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An Edible Heirloom

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Heirloom tomatoes are known as much for their unique, and quite varied, style as they are for their taste, and are best left without some additional crazy-ass culinary adornment. At the local Price Chopper (consider the source) they rang up as “Ugly Tomatoes” which seemed rather mean-spirited. I think they are beautiful, especially when the red and yellow pigments do battle in a riot of circus-like stripes, and the puckered ribbing leaves wavy designs along a cut slice. Give me gorgeous, flawed, natural imperfection over perfectly-proportionate precision any day.

Originally I was going to cut them up and add them to a salad, but they were too pretty to get lost in that wilderness. A friend advised that I keep them separate on their own platter, slicing them and arranging them as seen here, then amending just slightly with some basic ingredients.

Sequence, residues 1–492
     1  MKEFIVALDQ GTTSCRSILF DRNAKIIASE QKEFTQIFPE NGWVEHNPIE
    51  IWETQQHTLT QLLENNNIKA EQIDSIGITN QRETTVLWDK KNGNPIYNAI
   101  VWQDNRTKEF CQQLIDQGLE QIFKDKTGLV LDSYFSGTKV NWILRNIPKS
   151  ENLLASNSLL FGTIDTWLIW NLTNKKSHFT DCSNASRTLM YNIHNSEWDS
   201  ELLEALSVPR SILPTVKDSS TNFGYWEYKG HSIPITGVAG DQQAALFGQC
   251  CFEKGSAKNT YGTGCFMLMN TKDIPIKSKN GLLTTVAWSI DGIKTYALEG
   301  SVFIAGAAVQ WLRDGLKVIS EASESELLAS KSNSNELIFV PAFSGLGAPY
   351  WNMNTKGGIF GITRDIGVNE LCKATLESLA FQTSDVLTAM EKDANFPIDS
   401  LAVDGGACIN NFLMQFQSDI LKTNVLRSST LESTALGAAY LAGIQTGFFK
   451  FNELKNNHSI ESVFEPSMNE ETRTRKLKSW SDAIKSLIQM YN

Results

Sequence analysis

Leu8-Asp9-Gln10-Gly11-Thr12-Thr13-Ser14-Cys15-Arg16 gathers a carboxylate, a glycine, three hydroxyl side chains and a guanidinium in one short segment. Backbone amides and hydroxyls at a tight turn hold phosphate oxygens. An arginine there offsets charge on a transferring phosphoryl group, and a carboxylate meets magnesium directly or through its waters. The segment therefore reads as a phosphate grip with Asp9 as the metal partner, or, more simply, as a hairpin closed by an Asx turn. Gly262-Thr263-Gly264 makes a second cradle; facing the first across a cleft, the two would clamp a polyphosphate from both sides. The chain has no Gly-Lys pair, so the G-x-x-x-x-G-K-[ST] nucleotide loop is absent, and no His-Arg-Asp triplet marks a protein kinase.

A light drizzling of olive oil was a good place to begin, but it was the second addition that was the real revelation: white balsamic vinegar. I thought I might get away with a champagne wine vinegar, but was advised it wouldn’t be quite as sweet. This turned out to be true. The difference was profound. Sprinkled with some salt and pepper, a few chives from the garden and some sliced almonds, the tomato dish was complete.

Garnished with a sprig of pesto basil (also from the garden) and the foliage of a fennel bulb (coming up), it was ready to serve. It’s the perfect summer accompaniment, but substantial enough to stand alone as a light meal. For swimsuit season, that’s exactly what is needed.

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